Gas developers urged to be transparent in applications to municipalities

  • Jon Hurdle
Operators of gas rigs like this one in Tioga County should be fully transparent about their plans when making applications for municipal approval, industry experts say.

Joe Ulrich / WITF

Operators of gas rigs like this one in Tioga County should be fully transparent about their plans when making applications for municipal approval, industry experts say.

Natural gas companies seeking municipalities’ permission to build well pads should disclose every aspect of their plans to residents and local officials and should do so with a respectful approach to local sensitivities, experts said on Thursday.

Attendees at the annual Shale Insight conference, hosted by the Marcellus Shale Coalition trade group, were offered guidance on how to present their plans in a way that would be approved by zoning boards at a time that some are asserting a local right to control oil and gas development.

Panelists at a session on “Community Engagement on Conditional Use Hearings” urged companies to be completely transparent about their plans, to meet with community members and officials in advance of a zoning hearing and to establish a record of their case that can be used as evidence before a judge in any appeal.

Advocates of local control over gas development cheered in December 2013 when the Pennsylvania Supreme Court struck down a controversial part of Act 13 that said state law pre-empted local zoning ordinances governing industrial development.

More recently, Middlesex Township in Butler County has been sued by opponents of gas development after it sharply increased the amount of township land that is zoned for industry. The plaintiffs argue that the township has violated a constitutional responsibility to zone in a way that protects the health and safety of its residents.

At the Shale Insight session, Thomas Gillespie, director of health, safety and environment for the Williamsport-based natural gas supplier Inflection Energy, said full disclosure of development plans is the best way to calm local fears that he said are often based on fear and misinformation.

“Understanding eliminates fear,” he said.

Gillespie said he begins the process of seeking local approval by holding a public dinner for everyone living within a mile of the proposed development. Over two hours, he said he will answer questions on every detail of the plans, including the process of fracking.

“The way to build public trust is to be entirely transparent,” he said.

At the public meetings, Gillespie said he argues that well pads mean disruptions such as noise, heavy truck traffic and round-the-clock light only in their construction phase, and that operators restore the sites after wells are drilled and completed.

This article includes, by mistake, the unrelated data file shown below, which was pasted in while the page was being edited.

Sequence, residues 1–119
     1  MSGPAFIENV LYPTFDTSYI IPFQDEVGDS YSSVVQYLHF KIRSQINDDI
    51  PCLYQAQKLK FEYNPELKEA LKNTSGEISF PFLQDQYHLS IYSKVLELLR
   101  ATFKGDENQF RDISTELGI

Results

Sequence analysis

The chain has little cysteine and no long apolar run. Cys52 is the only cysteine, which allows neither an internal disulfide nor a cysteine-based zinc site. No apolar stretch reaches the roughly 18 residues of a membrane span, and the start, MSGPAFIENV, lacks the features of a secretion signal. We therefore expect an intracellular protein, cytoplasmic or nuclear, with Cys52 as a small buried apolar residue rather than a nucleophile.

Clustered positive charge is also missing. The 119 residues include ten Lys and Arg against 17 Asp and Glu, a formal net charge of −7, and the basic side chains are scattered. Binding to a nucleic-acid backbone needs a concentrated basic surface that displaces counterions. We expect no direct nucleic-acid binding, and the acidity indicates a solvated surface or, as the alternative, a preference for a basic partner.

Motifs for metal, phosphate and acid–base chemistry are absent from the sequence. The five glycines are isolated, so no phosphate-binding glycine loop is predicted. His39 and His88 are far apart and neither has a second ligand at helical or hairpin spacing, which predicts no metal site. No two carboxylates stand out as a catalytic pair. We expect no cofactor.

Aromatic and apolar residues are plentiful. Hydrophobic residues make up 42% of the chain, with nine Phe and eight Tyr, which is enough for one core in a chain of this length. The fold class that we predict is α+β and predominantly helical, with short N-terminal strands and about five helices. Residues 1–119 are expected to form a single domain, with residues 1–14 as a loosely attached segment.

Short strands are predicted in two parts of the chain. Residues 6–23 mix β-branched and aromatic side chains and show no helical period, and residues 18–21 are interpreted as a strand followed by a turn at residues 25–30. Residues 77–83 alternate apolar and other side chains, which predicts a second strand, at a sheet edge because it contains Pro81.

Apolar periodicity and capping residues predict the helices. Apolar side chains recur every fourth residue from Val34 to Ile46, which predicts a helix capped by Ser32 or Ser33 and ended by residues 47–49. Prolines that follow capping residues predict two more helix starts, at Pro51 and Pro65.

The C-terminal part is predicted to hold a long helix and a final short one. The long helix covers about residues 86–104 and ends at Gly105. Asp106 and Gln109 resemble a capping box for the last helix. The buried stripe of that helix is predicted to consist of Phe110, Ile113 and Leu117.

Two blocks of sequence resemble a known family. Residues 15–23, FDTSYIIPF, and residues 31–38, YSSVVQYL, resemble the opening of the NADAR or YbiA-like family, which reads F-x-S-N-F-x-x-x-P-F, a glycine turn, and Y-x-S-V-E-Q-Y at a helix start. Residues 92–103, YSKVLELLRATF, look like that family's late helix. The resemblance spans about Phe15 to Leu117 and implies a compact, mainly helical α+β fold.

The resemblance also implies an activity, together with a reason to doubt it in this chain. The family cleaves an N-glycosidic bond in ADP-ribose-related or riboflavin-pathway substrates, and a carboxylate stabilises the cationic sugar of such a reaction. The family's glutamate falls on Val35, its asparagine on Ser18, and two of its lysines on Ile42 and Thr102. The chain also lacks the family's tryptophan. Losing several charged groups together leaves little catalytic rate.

“Do we come into the community and make a bit of noise and a bit of light at night?” he said. “Yes, but so does building a Wal-Mart or a Sheetz station.”

Thomas Shepstone, a pro-shale gas blogger, urged gas companies to assume that zoning boards have a legitimate concern, to fulfill every requirement of a zoning ordinance and to take a respectful approach to board members.

“They have the ability to distinguish nonsense from truth,” he said.

Asked by panel chair Matt Henderson, public relations manager of Inflection Energy, how to respond to the “fractivist” community, Shepstone said a full explanation of the development will help to defuse opposition.

He also urged developers to highlight the fact that well pads look very different when they are restored.

“The long-term use of the well pad is totally innocuous,” he said. “Let’s separate construction from permanent use.”

In Hepburn Township, Lycoming County, gas developers are invited to a pre-application meeting with zoning officials, giving the company a clear understanding of local concerns before their application is submitted, said Joseph Hamm, chairman of the township’s board of supervisors.

After the application is submitted, the board limits its contact with the company in the interests of preserving impartiality and insists on orderly conduct at the zoning hearing.

“We don’t allow people to jump up and down,” he said.

Hamm said the process has succeeded in being accepted by all sides, and the board’s decisions have never been appealed.

Susan Smith, an attorney who represents applicants before zoning boards, warned that any high-handed attitude on the part of the applicant could backfire.

“If you are not respectful, if you are a bully, you will put their back up,” she said.